Right move or dumb move? Video attached
This is a discussion on Right move or dumb move? Video attached within the Carry & Defensive Scenarios forums, part of the Defensive Carry Discussions category; Originally Posted by ksholder
A lot of folks don't think the woman with child moved - really? Watch the video again - she moves down ...
May 21st, 2011 03:22 PM
I think what people are questioning is why she didn't move immediately to get her child out of harm's way when an armed robber came in waving a gun around. She doesn't move until shots are fired.
Originally Posted by ksholder
The answer is that many people freeze in threatening confrontations until there is a stimulus that makes the danger tangible. For her, it was the BANG. It's a really good piece of information to keep in your mind. Don't expect bystanders to move out of your way (they may even move in your way) before shots are fired. Instead, you need to plan on moving appropriately to maintain a clear lane to the attacker.
Everybody has a plan until they get punched in the face.
- Mike Tyson
May 21st, 2011 03:22 PM
May 21st, 2011 08:16 PM
Actions can get you and/or others killed, inaction can get you and/or others killed. This guy made a damn important decision and followed through. He covered his draw and connected 100% of attempted shots. He done real good. Bad guy is down and out. If in same situation, I would hope I would do the same.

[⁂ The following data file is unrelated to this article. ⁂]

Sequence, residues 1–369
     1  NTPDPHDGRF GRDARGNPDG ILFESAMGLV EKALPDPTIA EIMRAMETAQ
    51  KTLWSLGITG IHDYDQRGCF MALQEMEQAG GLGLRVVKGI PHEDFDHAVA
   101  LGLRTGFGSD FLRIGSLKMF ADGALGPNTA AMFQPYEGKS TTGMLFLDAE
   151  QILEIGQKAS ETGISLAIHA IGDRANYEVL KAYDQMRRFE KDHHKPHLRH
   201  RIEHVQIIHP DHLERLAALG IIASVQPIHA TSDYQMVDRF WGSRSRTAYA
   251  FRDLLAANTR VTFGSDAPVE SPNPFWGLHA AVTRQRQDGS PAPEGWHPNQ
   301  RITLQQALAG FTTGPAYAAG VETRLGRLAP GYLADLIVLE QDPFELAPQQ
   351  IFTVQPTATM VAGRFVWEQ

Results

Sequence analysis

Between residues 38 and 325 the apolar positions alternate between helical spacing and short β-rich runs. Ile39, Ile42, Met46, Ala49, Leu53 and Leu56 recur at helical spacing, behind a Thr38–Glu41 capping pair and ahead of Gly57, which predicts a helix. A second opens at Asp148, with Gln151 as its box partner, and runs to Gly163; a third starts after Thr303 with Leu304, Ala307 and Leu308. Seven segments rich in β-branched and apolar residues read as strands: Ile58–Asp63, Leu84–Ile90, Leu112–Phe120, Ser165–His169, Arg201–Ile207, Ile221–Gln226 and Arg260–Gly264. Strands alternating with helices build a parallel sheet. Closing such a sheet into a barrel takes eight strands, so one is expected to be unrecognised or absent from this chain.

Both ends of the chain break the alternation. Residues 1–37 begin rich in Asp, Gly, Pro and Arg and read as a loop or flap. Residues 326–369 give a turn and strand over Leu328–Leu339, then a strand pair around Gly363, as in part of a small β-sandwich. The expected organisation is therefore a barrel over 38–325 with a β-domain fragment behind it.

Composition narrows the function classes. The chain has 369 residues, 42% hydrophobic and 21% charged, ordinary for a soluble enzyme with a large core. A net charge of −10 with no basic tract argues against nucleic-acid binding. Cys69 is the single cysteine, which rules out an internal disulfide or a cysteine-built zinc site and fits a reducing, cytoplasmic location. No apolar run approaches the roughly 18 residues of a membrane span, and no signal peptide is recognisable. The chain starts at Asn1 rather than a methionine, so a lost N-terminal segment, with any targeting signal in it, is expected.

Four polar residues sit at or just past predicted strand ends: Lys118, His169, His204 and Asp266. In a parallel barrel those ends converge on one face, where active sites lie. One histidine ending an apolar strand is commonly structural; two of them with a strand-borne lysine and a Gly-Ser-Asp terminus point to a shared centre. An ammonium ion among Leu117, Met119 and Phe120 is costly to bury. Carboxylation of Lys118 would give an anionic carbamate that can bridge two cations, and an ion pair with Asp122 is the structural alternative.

May 22nd, 2011 01:42 AM
Absolutely stunned at the skillset that this gentleman showed when it was needed. I can only imagine the number of hours he had put in preparing for this moment in his life.
Everything in life has a certain amount of risk involved. Its easy for us to quarterback this but at the same time we all may very well have a different set of launch codes. Evidently the set of events that had taken place unlocked this gentlemen's lock codes, etc. It would appear then in order for us to judge this event, we would have to judge his launch codes and I'm not sure if we're qualified to judge another's launch codes given that we have different consequences we're willing to accept for our actions.
My comments assume ethical behavior, etc. I'm not assuming that ethics is relative but that's another conversation for another time.
As far as putting the baby in danger, the BG did this as soon as he entered the building with a gun with intent to do harm regardless as to if it was a real threat or implied threat.
It would be naive to say that there wasn't any chance involved when the GG decided to take his shots. At the same, however, there's a difference in taking a risk as opposed to taking a calculated risk. We talk about training on here a lot and although no amount of training is going to reduce our risks to "0", it can reduce the risks we take, etc.
May 22nd, 2011 03:48 AM
I posted this in another thread to prove a point, but I want the group to weigh in on this video. I think it was reckless use of a concealed handgun